Adult female Northern African Rock Python (Python sebae). The animal lives in captivity.

Finding homes for snakes gets harder

Maple Ridge vet rethinks adopting out large reptiles

A Maple Ridge vet who treats exotic animals may stop adopting out large snakes and reptiles following the deaths of two young boys in New Brunswick.

“It’s something I’m going to have to reconsider,” said Dr. Adrian Walton, a veterinarian at Dewdney Animal Hospital.

He has found homes for 20 snakes since B.C. banned many exotic species three years ago.

Walton hasn’t had many pleasant encounters with African rock pythons, the species of snake which strangled the brothers Sunday while they slept.

“Rock pythons can be more than a little bit grumpy, unfortunately,” he says.

He’s only treated a rock python twice in Maple Ridge, but frequently worked with them while in the United States.

“My first experience with an African rock python was an 18-footer that required seven or eight people to move it from one cage to another. That was not a pleasant snake,” he adds.

The African rock python is popular with reptile enthusiasts. They can bought online for $100 or $200 or at a reptile show across the border and smuggled into the province.

People are allowed to have larger snakes as pets in B.C., but owners need to have permission.

There are 61 registered python owners in B.C., according to the  Ministry of Forests, Lands and Natural Resource Operations. That includes 40 kept as pets, 16 for commercial filming, four at zoos or aquariums and one for research.

Walton believes it’s important to distinguish between the owners – experts like him who keep reptiles and find them incredibly interesting, and others who want a big snake to make them, in his words, look tough.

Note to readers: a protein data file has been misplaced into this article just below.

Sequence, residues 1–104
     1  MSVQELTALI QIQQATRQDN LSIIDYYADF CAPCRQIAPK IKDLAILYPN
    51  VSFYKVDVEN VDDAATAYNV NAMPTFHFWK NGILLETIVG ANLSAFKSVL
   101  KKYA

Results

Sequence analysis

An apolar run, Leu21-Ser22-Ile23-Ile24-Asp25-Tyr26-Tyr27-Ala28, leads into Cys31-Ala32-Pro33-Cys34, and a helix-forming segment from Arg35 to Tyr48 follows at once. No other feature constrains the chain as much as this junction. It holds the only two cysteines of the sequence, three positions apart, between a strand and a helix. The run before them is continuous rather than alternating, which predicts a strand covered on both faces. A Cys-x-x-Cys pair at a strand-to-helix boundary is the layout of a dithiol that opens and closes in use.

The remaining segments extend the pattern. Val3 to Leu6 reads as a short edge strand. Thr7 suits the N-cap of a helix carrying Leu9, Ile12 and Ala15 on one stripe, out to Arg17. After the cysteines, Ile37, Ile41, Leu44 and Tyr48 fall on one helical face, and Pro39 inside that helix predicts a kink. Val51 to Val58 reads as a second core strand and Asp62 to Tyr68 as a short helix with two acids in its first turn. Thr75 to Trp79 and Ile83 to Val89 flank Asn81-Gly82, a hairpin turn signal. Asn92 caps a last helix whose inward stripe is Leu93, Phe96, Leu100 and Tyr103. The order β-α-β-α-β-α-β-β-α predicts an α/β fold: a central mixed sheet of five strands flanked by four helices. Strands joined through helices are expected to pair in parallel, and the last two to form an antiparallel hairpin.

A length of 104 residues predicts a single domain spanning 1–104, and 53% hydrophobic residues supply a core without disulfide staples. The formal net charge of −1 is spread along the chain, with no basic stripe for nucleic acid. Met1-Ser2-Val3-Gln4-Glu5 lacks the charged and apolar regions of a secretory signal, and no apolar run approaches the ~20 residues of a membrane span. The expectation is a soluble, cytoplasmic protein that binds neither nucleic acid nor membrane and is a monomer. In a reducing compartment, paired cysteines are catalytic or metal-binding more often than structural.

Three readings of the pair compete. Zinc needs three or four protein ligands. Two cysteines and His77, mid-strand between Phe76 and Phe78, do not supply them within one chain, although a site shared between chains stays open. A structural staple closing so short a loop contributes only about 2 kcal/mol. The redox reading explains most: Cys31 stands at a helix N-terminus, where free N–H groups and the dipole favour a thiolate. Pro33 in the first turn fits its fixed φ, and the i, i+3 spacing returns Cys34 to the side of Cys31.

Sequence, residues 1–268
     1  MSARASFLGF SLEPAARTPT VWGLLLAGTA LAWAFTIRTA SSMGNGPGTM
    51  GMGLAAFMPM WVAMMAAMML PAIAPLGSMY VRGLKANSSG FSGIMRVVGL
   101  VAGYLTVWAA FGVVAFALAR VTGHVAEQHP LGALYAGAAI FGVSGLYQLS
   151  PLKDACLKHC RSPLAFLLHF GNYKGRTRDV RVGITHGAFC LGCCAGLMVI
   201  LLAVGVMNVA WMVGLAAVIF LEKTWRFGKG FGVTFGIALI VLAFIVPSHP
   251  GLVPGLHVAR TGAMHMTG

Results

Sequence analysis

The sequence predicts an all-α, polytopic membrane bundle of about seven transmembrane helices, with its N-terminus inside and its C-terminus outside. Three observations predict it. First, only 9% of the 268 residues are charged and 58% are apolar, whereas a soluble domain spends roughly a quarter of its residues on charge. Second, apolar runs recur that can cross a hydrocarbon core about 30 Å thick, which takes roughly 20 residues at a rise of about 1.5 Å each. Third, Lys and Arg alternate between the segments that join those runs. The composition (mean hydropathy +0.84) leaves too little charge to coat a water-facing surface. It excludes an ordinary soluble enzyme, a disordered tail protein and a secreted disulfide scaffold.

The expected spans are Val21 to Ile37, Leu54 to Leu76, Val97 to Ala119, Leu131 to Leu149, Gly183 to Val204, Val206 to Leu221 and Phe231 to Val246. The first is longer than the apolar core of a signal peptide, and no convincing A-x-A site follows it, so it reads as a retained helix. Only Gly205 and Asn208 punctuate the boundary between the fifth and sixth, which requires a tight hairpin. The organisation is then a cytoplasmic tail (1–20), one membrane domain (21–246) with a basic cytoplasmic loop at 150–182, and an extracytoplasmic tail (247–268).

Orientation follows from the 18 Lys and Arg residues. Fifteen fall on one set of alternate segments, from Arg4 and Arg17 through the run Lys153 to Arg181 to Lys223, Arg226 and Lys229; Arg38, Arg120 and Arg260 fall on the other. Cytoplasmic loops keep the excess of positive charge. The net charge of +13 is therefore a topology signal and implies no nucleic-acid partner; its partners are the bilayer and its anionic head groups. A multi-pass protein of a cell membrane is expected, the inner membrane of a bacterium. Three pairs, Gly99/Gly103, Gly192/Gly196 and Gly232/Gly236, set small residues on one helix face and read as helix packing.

“The tough guy image is a joke. I can handle up to a 12-foot python, but I also collect Star Wars figures,” says Walton.

Although he is an expert at handling reptiles and has a permit, he rarely brings them home.

He has housed Nile monitor lizards at his family home in the past three years but they are kept in secure cages in a locked room.

With a five-year-old daughter at home and another child on the way, if Walton must care for a rescue snake, he’ll only take home one that’s shorter than two metres. He wouldn’t bring home a rock python, a snake that can easily overwhelm its handler.

“Nothing that could potentially harm my family comes home,” he says.

Snakes, however, rarely kill people. Since 1990, 12 people have died from constrictor snake-related incidents in the United States (17 deaths since 1978). To Walton’s knowledge, there have been none in Canada before the Cambellton, N.B. tragedy.

“Compare that to the 20-plus people a year that are killed by horses. This is extraordinarily rare,” he said.

Walton adds most python owners know how to care for the snakes, but the enclosures they are kept in are usually too small.

“You need to devote a whole room of your house to this animal. The standard rule of care is the length of the animal dictates the width and length of the enclosure.”

Although he’s found good homes for the snakes who’ve been abandoned by their owners, Walton is now a little uncomfortable with people keeping them as pets, even those with expertise.

He’s still caring for a six-foot long albino Burmese python that was found in Chilliwack in June.

The snakes and reptiles that don’t find homes get euthanized.

“I try to make sure I get qualified people to look after them,” he said.

“It’s going to be an interesting experience down the road. Do I give these snakes up to people?”

Penalties for breeding or releasing a controlled alien species into the wild range from fines of $2,500 to  $250,000 or two years in prison.

Owning a reptile that’s on the controlled species list without a permit could land you a $100,000 fine and one year in prison.

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